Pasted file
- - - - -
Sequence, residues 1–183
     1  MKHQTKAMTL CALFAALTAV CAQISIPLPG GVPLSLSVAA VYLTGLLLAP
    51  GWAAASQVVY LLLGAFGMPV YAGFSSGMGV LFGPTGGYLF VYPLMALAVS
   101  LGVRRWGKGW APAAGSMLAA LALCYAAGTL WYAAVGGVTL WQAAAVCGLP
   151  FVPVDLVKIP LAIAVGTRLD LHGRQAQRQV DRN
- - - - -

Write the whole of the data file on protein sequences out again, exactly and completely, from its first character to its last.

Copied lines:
Sequence, residues 1–183
     1  MKHQTKAMTL CALFAALTAV CAQISIPLPG GVPLSLSVAA VYLTGLLLAP
    51  GWAAASQVVY LLLGAFGMPV YAGFSSGMGV LFGPTGGYLF VYPLMALAVS
   101  LGVRRWGKGW APAAGSMLAA LALCYAAGTL WYAAVGGVTL WQAAAVCGLP
   151  FVPVDLVKIP LAIAVGTRLD LHGRQAQRQV DRN